There is no better way to light up conversation than by asking the age old question “is it a faux pas to wear replica pro kit?”
Either at the café or on a cycling message board nothing, short of the groupset debate, ignites opinions quicker. And while I would never want to add more ‘rules’ to cycling (Velominati is tediously close to 100 of them) I think this matter deserves some closer inspection than is normally afforded.
‘You haven’t earned the right to wear it’
If we are talking about the Tour de France maillot jaune or the World Championship bands, then the person does have a point. For me, they’re less Pro kit and more a symbol that sets a select few out as being one of the very best. You wouldn’t roll around town carrying a replica Nobel Prize. My point exactly.
Wearing team kit however says a couple of things a leader’s jersey does not. You either like (and support) the team, you like their kit design or you like the clothing manufacturer who has made it. All of which are more than reasonable enough reasons to wear the kit.
With the dynamic nature of cycling teams (due to sponsorship changes) and no weekly venue (read: sporting arena) to gather at, cycling lacks a lot of tribalism that mainstream sport is able to generate. Wearing pro kit is one way to build that ‘tribalism’ and regularly show your support for the team you follow. Sure you’re not a rostered team rider. But your backing of the team makes you a worthy enough wearer. Especially as not only is there your support within the cycling community, but the kit purchase is a financial support to the team. With no revenues from ticket sales or TV rights, World Tour teams rely primarily on their major sponsors for revenue. Even then, the disparity between team budgets is huge. French team AG2R ran off less than €12 million last season. Team Sky’s budget, just shy of €27 million. And while €12 million itself still seems huge, that is still nearly €5 million less than Wayne Rooney earned alone last season. And no one gets in to fans wearing his tops.
Even at the highest level, teams benefit from fan support.
‘You’re just trying to dress up like a Pro’
They say imitation is the highest form of flattery. So someone is totally decked out – kit, team bike, team helmet and even team sunnies – is less about them pretending to be a Pro and more a mark of the depth of their admiration. The wearer is also no doubt aware there’s more to a professional rider’s looks than simply slapping together all the gear (but more power to them if they’re in good enough shape to be mistaken for a team member with all the kit on!)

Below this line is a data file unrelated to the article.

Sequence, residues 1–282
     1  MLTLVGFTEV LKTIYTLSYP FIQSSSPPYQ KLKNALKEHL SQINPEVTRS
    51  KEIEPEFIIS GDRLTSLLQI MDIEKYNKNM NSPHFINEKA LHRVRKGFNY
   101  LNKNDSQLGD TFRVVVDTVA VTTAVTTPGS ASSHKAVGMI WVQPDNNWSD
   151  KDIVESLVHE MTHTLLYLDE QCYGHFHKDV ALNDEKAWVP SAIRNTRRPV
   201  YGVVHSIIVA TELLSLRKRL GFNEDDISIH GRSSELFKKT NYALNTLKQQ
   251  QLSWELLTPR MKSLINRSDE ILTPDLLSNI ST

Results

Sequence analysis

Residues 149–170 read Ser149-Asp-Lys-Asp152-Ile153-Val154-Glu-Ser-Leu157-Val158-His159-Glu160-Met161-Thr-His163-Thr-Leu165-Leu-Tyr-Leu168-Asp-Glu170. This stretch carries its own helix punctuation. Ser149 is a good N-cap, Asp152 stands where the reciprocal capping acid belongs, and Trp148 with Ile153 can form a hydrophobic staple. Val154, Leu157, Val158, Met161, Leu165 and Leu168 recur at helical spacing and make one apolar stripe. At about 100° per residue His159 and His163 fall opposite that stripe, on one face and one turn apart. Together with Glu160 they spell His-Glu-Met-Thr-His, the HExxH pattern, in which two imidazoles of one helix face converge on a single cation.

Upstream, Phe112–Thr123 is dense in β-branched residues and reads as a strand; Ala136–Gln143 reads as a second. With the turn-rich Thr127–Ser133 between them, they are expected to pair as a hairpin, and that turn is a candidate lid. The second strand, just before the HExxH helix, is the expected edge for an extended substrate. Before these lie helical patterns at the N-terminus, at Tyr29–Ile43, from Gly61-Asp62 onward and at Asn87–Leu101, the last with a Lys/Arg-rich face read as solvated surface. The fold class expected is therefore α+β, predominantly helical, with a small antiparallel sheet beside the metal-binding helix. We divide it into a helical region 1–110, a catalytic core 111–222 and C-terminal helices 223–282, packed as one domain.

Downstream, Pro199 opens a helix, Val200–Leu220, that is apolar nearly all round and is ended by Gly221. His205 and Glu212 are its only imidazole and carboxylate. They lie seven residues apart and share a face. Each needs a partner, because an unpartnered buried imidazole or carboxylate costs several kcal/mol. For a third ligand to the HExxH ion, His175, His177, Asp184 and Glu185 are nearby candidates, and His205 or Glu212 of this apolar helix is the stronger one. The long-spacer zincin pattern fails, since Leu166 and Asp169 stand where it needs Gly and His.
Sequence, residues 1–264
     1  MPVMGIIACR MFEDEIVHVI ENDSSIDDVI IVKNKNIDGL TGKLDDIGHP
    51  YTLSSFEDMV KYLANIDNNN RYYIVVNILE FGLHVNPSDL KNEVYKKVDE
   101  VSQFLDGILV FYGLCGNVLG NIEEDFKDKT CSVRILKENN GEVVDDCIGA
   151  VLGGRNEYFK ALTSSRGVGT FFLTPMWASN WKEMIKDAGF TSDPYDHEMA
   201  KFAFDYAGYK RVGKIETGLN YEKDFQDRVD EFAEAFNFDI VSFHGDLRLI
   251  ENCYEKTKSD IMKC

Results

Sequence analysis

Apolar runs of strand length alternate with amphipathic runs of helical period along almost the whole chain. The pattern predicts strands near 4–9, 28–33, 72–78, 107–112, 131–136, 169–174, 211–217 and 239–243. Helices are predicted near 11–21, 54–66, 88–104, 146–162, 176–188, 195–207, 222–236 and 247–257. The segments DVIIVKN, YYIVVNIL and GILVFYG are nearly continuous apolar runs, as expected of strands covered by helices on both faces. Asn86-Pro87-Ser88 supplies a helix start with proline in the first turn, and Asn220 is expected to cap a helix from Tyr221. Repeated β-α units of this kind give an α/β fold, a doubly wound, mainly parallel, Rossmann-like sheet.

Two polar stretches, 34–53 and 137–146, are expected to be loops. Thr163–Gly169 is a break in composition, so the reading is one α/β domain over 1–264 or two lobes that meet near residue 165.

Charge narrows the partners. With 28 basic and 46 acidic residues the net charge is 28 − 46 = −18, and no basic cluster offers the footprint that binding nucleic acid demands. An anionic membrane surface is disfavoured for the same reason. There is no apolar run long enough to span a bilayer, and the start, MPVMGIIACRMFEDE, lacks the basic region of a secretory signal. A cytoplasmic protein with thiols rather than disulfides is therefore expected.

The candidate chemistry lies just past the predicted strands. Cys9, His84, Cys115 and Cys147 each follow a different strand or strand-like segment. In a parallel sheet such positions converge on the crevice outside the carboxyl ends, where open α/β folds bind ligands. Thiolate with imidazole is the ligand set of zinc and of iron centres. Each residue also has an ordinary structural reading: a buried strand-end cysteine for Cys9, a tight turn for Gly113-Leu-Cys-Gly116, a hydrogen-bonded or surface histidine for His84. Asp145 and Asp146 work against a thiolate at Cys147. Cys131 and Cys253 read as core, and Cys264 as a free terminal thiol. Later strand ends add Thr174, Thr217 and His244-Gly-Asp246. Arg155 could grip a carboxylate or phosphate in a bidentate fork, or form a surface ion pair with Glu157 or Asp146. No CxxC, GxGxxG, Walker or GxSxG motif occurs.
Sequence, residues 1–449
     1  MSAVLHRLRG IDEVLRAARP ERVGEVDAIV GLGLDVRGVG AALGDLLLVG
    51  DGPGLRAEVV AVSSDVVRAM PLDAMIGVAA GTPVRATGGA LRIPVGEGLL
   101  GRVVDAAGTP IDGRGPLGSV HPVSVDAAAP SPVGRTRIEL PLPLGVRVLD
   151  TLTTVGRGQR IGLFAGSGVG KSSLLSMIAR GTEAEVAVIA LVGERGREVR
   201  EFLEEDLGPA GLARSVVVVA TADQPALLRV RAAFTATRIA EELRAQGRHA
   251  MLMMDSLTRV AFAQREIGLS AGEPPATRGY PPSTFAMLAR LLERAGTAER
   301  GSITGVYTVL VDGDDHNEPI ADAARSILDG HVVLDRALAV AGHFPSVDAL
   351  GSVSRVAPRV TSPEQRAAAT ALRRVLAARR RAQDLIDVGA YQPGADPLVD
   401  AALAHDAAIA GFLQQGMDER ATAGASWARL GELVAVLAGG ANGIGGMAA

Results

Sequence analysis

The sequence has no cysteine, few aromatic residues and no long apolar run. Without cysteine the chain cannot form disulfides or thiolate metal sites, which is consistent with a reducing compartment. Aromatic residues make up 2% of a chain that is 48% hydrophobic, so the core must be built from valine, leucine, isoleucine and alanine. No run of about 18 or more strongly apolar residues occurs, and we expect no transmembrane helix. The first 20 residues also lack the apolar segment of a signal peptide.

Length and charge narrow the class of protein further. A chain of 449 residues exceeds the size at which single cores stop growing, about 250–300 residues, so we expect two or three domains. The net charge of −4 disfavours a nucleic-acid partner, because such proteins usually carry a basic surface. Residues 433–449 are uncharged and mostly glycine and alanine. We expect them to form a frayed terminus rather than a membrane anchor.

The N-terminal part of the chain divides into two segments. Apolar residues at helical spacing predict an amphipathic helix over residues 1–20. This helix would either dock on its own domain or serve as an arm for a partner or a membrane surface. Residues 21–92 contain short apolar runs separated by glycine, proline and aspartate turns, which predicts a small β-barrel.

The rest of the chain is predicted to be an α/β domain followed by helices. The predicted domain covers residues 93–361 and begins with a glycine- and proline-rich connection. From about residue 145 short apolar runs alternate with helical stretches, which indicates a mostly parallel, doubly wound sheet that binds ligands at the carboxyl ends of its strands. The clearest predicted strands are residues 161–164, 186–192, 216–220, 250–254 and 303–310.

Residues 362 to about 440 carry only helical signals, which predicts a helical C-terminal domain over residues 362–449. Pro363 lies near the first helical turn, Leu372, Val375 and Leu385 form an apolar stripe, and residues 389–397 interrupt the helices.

‘You’re not being paid to be a mobile billboard, so why do it?’
I referred above to the discrepancy between teams with regards to income and budgets. However in the broader picture of sponsorship dollars and branding capital, even the ‘richest’ cycling teams pale in comparison to other sports. For example, the Chicago Bulls player wage budget (that’s wages only) would cover the entire operating budgets for all three USA registered World Tour teams. What better way for a team to pitch for a bigger sponsorship than by showing how much additional exposure a sponsor can look to get off the back of their team kit sales.
Finally, it’s not so much a counter to any argument but more a public service announcement. Don’t forget that at certain times of the year, the person you’re about to try and wind up could actually be a Pro. There’s been more than one occasion where I’ve witnessed someone caught out muttering about someone in full Pro kit, only for it to turn out to actually be Cadel Evans. Even better, a mate (who was riding for Rapha Condor at the time) was bailed up at a coffee shop by another cyclist – demanding to know how he’d gotten the new team kit from Rapha before it was released to the public. Not until the end was it pointed out (by another) that he was a Pro. You don’t want to be the person ever making that mistake.
In spite of all the above, some will still disagree with the wearing of pro kit. Totally fine. Just don’t get down on those who are in to it. As for the question of if it’s a faux pas? Not in the slightest. My Boonen Quick Step jersey is as cool as the day it was made. Ride those kits loud and proud.